From the same link then: “Calcium disodium EDTA and sugars have been shown to inhibit benzene production in soft drinks.[2]”

    • Philippe Papadimitriou

      Hello Ash D,

      If you google [images] EDTA and then benzene, I think it becomes obvious that these are not chemically linked in any way. This may not look very rigorous scientifically speaking, but could eventually help lessen your fears.
      EDTA is a very poorly degradable substance, because it is highly stable and because its chemical reactivity is almost limited to binding ligands (such as calcium, sodium and many other ions towards which it shows different affinities). If any common acid or molecule had the power to react with EDTA at usual temperatures and pressure conditions to produce a new component that is more degradable, it would be great in terms of environmental safety (but of course benzene would not be the panacea).

      If this is not deliberately made up to add paranoia on cosmetics, I don’t know what to call it.
      Don’t be worried, this won’t happen.

      PS: Vitamin C is also termed “ascorbic” acid.

  • Dene62

    Thanks AshD – that clears up a little suspicion! It was beginning to look like a conspiracy! :-) I will check out that link, but I suggest that you treat almost ALL websites with suspicion – I have seen some appalling inaccuracies on apparently credible sites.
    I have to confess that I may have got it wrong about the use of sunscreen + foundation, I should have made it more clear that I was expressing my opinion, and I am certainly no expert in that area. I expressed my opinion confident in the knowledge that a fellow contributor would, step in with a correction if I was wrong and, from what you say, it would seem that I AM wrong! So ignore that bit! (But the rest is correct – honest!).
    Just to confirm – there is no possibility of citric acid and EDTA producing benzene – there is no cyclic structure in either substance, nor other grouping that would allow the formation of the special structure that comprises the benzene ring. When benzoic acid reacts with ascorbic acid, the benzene is produced from the benzoic acid – without that part of the structure, benzene can’t be produced.

    After writing the above, I checked out that link and, to put it concisely, I recommend that you avoid ever using that web site again (and be sure to tell your friends)! The chemistry is completely wrong and, just to make sure this was one a total one-off, I checked the information they have given on methylparaben. Rather than understate the situation, I can honestly say that this site contains the most ridiculous nonsense I have ever seen written about methylparaben. They don’t just repeat the usual internet myths, they have made up quite a few new ones of their own! DO NOT TRUST A SINGLE ARTICLE ON THAT SITE. The articles are obviously written by people with absolutely no knowledge of the subject. Sorry to go on so much about this, but it really is appallingly bad!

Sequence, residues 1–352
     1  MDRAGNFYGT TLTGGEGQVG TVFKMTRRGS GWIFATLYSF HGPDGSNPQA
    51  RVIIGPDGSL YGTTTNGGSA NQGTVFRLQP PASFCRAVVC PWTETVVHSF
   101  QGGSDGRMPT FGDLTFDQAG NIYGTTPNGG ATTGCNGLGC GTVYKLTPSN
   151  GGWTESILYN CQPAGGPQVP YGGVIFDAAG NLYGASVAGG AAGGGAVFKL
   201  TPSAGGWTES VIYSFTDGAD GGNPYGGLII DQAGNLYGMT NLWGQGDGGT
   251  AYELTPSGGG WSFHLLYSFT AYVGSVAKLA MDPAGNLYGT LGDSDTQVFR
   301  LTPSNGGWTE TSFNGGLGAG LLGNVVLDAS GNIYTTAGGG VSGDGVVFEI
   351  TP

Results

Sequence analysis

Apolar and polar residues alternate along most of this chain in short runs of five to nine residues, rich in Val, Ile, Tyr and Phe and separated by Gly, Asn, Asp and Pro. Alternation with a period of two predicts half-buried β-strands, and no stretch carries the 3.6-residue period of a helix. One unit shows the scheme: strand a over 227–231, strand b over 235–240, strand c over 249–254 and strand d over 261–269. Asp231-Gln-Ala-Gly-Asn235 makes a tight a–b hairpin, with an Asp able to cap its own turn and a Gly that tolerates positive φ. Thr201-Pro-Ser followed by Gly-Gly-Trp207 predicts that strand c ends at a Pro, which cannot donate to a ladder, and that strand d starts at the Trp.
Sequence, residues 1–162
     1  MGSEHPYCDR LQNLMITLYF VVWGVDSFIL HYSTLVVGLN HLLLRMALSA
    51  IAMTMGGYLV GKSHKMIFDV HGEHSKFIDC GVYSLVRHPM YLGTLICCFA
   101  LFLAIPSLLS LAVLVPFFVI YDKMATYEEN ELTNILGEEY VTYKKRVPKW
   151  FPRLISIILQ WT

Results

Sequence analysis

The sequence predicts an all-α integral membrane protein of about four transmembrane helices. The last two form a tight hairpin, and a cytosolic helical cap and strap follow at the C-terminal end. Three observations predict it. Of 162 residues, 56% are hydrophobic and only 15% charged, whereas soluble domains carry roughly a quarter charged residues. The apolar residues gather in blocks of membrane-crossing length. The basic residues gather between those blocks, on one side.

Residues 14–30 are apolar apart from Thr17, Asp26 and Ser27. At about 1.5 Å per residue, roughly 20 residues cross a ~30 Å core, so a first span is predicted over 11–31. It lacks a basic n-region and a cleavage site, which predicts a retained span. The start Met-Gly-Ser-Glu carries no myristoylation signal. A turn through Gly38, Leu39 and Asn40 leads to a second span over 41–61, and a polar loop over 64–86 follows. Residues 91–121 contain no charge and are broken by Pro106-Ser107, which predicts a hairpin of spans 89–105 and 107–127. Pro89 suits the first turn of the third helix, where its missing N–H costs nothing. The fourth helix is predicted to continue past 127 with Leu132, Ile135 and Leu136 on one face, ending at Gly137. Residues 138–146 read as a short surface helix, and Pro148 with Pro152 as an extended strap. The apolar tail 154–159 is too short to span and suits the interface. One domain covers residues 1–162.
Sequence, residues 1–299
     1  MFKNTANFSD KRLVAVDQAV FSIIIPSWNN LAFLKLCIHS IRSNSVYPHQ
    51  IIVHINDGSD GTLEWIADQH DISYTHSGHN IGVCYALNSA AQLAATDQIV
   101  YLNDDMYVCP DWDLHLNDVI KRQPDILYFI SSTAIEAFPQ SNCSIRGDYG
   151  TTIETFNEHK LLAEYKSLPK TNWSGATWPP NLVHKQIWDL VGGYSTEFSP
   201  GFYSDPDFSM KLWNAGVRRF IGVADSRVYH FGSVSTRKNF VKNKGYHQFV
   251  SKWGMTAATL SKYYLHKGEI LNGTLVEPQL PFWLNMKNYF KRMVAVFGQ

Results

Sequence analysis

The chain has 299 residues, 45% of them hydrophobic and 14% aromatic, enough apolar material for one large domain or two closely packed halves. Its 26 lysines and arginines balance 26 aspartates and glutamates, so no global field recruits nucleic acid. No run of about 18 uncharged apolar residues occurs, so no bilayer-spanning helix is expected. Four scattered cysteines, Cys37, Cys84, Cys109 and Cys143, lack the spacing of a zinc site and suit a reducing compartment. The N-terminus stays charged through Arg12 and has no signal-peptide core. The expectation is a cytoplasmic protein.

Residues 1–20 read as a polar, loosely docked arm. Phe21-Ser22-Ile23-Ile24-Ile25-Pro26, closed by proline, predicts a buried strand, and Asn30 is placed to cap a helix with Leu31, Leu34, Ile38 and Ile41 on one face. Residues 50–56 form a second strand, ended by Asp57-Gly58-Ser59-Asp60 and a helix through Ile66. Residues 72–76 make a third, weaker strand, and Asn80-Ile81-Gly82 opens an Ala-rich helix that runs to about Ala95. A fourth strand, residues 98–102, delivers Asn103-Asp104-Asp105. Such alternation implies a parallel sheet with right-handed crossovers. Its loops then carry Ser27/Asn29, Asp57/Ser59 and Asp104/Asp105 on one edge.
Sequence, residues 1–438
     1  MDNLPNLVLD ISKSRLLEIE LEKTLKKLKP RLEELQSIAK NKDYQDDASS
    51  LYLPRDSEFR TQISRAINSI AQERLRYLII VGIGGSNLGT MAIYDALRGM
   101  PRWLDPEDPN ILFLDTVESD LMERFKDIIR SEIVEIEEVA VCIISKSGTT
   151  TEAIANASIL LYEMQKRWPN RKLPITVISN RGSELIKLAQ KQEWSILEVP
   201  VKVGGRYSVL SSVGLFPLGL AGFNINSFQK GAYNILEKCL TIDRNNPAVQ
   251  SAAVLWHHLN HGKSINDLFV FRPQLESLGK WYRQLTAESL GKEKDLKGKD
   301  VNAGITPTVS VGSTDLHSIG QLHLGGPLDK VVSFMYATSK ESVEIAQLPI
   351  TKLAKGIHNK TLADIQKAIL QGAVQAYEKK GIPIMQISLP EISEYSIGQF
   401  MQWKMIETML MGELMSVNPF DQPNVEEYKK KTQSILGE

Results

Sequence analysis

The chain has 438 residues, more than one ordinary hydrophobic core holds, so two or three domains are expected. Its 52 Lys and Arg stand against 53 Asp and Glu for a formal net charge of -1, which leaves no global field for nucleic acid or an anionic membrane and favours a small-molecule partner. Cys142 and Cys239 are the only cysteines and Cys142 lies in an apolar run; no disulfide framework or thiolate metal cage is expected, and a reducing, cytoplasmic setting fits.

• http://twitter.com/LizzieHawn Mary Hawn

    This was very helpful! I want to make lotion but am leery of preservatives and anti- microbial ingredients. I finally found one I am comfortable with!

  • Dianne

    This is not what I read about Phenoxyethanol. The FDA has Given a warning on this product that it depresses the central nervous system, and causes vomiting and diarrhea. I certainly don’t want to use it. What cosmetic company do you work for.?

    • Colin

      I have handled phenoxyethanol for nearly 30 years in quantities considerably higher than any consumer would come into contact with. I have never experienced any health issues, certainly not vomiting and diarrhea. I think you may be taking an FDA warning out of context.

    • Dene Godfrey

      Dianne – the FDA did not give a warning about phenoxyethanol – it gave a warning about a specific type of product containing a combination of phenoxyethanol and chlorphensin. http://www.fda.gov/ForConsumers/ConsumerUpdates/ucm049301.htm

      Despite claims of various adverse health effects for phenoxyethanol, these effects are the result of much higher exposure than is ever experienced in cosmetic products. The EU’s Scientific Committee for Consumer Safety (SCCS) carries out a thorough risk assessment on all preservatives and determines a Margin of Safety (MoS) of at least 100 times the level of the lowest dose found not to cause an adverse effect out of all the studies considered. The maximum permitted concentration of phenoxyethanol in the EU is 1%. Given that few cosmetic products actually use this maximum level, the MoS is far greater than 100 in most cases.

      You will NEVER experience vomiting etc. from exposure to phenoyethanol via a cosmetic, unless you try to eat it (then it won’t be phenoxyethanol causing the problems anyway!)